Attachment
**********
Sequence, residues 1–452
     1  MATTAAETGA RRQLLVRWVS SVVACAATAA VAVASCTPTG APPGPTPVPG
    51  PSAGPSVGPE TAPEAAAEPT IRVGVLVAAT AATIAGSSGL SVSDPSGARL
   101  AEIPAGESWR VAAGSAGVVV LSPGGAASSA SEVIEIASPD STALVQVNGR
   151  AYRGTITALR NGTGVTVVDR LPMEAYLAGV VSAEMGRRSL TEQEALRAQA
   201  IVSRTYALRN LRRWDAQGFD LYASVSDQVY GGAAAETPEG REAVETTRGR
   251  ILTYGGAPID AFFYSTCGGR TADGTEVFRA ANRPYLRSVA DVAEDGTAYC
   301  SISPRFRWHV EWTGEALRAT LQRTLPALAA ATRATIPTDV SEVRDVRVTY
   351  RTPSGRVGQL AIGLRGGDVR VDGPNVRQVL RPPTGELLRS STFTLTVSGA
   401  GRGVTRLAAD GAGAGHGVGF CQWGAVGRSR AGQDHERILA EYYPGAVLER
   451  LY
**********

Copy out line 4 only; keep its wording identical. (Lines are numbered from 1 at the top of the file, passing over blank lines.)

   101  AEIPAGESWR VAAGSAGVVV LSPGGAASSA SEVIEIASPD STALVQVNGR